They had come to honour Ms. Landsberg, now 72 and surrounded by her remarkable family: her daughters Ilana and Jenny; her husband, former NDP politician and current humanitarian Stephen Lewis; her son, Avi Lewis, a broadcaster and documentarian; and her famous daughter-in-law, global activist Naomi Klein.
I listened, extremely moved, as younger women thanked Ms. Landsberg for tackling so many issues pertinent to the quality of their lives, but for also getting them to understand their mothers' lives. Toronto Councillor Kristyn Wong-Tam told the crowd she had viewed her immigrant mother, who worked in a factory to support her kids, as "a victim." "Michele's writing taught young women to respect their mothers," she said.
What impressed me most was this intergenerational reach of Ms. Landsberg's work. It's up to younger women to define feminism now, but if they care to avail themselves of it, they have a generation of older feminists with experiences and strategies to share.
And of course there was her usual joyful and raucous take on the world. She had just returned from the Occupy Wall Street movement in New York, and, as she told the crowd, when she walked through Zuccotti Park, one sign, held by a middle-aged man, delighted her: "We're here, we're unclear, get used to it."
Come to think of it, that kind of sums up the very early days of modern feminism, and "the problem that has no name" as American feminist Betty Friedan labelled housewives' discontent. This begat a movement, which of course turned into one of the great revolutions of our time. Know thy history.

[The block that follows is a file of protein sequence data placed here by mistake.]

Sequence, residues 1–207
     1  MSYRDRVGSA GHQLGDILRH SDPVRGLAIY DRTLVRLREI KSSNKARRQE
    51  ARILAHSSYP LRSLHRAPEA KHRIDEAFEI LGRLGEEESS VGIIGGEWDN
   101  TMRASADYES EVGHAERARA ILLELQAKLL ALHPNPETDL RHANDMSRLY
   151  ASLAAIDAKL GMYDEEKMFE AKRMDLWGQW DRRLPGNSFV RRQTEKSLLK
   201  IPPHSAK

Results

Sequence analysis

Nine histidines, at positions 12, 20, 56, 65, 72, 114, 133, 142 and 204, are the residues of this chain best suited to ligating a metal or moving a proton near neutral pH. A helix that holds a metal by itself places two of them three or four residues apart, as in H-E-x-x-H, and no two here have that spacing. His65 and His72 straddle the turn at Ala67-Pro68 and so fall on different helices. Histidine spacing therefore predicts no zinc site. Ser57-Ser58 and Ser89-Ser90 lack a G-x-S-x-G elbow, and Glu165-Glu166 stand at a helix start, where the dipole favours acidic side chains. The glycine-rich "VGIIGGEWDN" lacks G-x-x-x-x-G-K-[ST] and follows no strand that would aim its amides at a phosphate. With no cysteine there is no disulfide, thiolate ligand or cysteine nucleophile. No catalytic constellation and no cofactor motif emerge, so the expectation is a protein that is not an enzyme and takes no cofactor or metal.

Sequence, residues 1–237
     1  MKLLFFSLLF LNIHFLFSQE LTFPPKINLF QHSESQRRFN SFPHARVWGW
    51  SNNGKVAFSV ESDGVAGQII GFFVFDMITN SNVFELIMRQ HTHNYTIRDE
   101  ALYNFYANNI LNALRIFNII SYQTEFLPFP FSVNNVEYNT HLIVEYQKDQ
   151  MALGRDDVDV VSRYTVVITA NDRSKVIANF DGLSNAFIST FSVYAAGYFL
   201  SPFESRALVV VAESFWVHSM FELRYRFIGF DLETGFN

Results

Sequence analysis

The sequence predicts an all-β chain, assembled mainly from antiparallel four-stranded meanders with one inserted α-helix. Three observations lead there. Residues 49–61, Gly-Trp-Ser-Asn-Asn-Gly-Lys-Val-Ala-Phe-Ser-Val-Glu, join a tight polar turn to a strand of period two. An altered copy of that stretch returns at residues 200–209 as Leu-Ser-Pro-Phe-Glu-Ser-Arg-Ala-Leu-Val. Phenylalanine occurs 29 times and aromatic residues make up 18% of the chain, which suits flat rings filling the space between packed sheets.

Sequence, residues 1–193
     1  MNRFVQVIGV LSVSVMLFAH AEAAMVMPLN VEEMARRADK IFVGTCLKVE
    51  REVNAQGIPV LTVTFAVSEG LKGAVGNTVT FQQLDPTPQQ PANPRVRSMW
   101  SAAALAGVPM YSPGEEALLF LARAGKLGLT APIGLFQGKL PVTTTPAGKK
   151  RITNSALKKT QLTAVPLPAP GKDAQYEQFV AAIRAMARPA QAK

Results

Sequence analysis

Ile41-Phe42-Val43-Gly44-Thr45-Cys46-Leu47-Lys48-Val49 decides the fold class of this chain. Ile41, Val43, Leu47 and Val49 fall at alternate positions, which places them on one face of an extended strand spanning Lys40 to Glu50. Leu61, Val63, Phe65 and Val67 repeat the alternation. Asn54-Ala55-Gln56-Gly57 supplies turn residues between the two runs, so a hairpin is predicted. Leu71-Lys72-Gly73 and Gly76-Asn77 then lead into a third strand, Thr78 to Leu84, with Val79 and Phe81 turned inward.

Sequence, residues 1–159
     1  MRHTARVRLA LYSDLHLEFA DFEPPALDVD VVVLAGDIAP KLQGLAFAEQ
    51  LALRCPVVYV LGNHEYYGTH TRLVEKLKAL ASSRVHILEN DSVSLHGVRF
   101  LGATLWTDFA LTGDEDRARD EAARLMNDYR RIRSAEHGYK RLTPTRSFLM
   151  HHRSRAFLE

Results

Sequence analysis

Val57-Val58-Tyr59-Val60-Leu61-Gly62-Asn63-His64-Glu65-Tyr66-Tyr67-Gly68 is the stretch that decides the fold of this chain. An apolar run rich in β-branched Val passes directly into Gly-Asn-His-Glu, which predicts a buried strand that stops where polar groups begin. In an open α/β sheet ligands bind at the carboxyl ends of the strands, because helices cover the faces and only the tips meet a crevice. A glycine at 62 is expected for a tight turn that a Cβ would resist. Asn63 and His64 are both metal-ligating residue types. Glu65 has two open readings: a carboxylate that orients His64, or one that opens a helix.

The book is an eye-opening collection of some of the 3,000 columns she wrote for the Toronto Star from 1978 to the early 2000s in which she took women's issues and turned them into human issues so fearlessly, doggedly and articulately that it still makes my head spin. From equal pay to sexual harassment at work, child care to false memory syndrome at home, from a tax on tampons to a pox on lap dancing, Ms. Landsberg passionately pulled apart each issue and then denounced politicians, judges and even the media if she thought they were holding women down.Quill & Quire
December, 2011 * Starred Review
While second-wave feminism had been mounting for more than a decade by the mid-1970s, there was scant evidence of it in mainstream Toronto media. For "libber" news, you needed to seek out Broadside
, Toronto's feminist newspaper, or out-of-town rags like Vancouver's Kinesis
or Edmonton's Branching Out
This situation changed dramatically in 1978, when the Toronto Star
became the first Canadian daily to employ a "feminist" columnist. The intent was admirable, but their hiring choice caused some skepticism. Michele Landsberg was an ex-Globe and Mail
reporter and a Chatelaine
staffer during the reign of editor Doris Anderson, who raised the consciousness of Canadian women b slipping in articles on domestic abuse and abortion among the magazine's recipes and beauty tips. What could this comfortably middle-class, married (granted, to a career politician too far left to count among the Toronto establishment) woman tell us about life in the gender trenches?